This is how IBM is helping start-ups reach cloud nine!
Flipkart’s Big Billion Day Sale is approaching and people are waiting with bated breath to see whether it would be a roaring success or a doomsday sale like its previous stunt last year. One of the main reasons why it failed like most databases do is lack of adequate storage of data.
Likewise, if we think about the Smart Cities project, there would be large scale application of IoT (Internet of Things). The big question is where can we store such massive bulk of data securely?
The solution is on cloud, literally. Cloud is upending the industry. Large enterprises, midsized companies to even start ups are moving toward a scalable infrastructure that is optimized and responsive to help them meet new business demands. Cloud models also help businesses to work smarter through more flexible and cost-effective access to technology and information.
“Now we live in a generation where if start-ups need to start new applications, by default their option is cloud. It provides a quick solution to get the infrastructure up and running,” said Radhesh Kanumury, Country Manager, Global Entrepreneur Programme,
How IBM is helping start-ups reach cloud nine
1. IBM’s cloud platform offers solutions to cater to the needs of SMBs, start-ups and developers which constitute a huge portion of the cloud market. As per a report from Evans Data Corp, India is slated to have the largest developer community in the world by year 2019. The report further goes on to state that the number of developers is expected to grow to 26.4M by 2016 and the percentage of developers expected to develop in the cloud will grow by 44% to 12.5M by 2019.
2. As enterprises increase the adoption of cloud based consumption of IT, they will have a need for an integrated and secure view of IT across on premise, off premise infrastructures and applications. IBM helps customers create this hybrid environment.
“It gives startups the freedom that they need to quickly build applications. One can develop applications faster than before, even develop 4-5 builds (transition from prototype to product) per week,” said Srinath Ranga, founder of Opteamize Cloud Solutions Pvt Ltd, an IBM Business Partner offers Cloud and SaaS solutions focused on accelerating the student recruitment processes.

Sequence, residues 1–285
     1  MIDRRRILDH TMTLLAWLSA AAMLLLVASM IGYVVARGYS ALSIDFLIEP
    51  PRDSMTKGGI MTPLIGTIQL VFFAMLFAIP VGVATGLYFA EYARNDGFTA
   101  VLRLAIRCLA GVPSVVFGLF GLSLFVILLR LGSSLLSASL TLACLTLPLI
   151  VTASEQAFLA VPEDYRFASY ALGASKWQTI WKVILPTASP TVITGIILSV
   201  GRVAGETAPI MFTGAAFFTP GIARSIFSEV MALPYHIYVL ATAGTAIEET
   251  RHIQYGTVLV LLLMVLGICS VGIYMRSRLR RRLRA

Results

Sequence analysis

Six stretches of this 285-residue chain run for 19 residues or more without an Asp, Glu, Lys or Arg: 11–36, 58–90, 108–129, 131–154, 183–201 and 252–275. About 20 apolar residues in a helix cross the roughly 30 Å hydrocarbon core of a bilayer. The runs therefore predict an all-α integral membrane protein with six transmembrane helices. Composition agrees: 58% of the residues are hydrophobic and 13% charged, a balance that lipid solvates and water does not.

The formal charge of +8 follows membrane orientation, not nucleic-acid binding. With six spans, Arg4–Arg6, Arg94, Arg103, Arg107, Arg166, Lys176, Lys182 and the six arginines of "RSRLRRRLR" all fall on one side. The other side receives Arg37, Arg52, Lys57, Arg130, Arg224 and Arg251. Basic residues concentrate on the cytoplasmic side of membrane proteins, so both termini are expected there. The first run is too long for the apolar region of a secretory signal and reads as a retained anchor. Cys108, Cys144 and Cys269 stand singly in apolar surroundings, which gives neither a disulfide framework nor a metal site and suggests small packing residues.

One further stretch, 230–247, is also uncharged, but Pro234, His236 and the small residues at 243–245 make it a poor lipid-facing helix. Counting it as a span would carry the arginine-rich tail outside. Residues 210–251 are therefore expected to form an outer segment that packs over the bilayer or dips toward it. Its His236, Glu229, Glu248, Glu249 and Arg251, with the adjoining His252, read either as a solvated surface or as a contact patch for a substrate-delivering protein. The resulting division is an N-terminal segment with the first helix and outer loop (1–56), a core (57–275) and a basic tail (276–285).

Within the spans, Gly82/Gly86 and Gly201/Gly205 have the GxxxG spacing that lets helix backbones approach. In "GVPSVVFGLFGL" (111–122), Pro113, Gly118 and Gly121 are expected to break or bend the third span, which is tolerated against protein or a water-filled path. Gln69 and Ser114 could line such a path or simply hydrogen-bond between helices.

3. In pursuit of creating the best suite of solution for customers, IBM invested $7 billion in building a high value cloud portfolio. With a strong portfolio at every level of cloud–
4. Apart from providing cloud infrastructure, IBM also provides hands-on training to the start-ups to get the maximum out of cloud. This is also followed by technical assistance when and where needed, which is done in real time through cloud.
5. Though bandwidth and expensive hardware would be the two main challenges, but the government is on its way to provide cheap bandwidth to even the remotest of the villages in India. As per bandwidth is concerned, the best use of cloud is one can store data offline on cloud and when connectivity is there one can send the data to the database.
How start-ups are reaching out to cloud
1. Start-ups, related to medical services, are taking to cloud to store medical data of their customers. With the smart wearables available, start-ups are taking to them too. A Bombay start-up is developing a device to detect heart attacks and send help on an immediate basis.
2. Cloud platforms are used by start-ups like LightMetrics to measure fuel efficiency of a vehicle, harsh braking and violation of traffic rules and hence manage the traffic on real time.
3. Another start-up has taken to IBM solutions to monitor the energy usage of an electrical appliance.
4. A Tamil Nadu based start-up have solved the problem faced by crab breeders where maintaining the pH level of the water is critical to the life of the breeds. As soon as the level increases, an alert is sent to the smartphone.
5. Radhesh also said cloud can also help police to monitor riot prone areas. For example, if there are more than 10 people at a place where they shouldn’t be, an alert is sent and necessary steps can be taken.
(Image credits: forwardthinking.pcmag)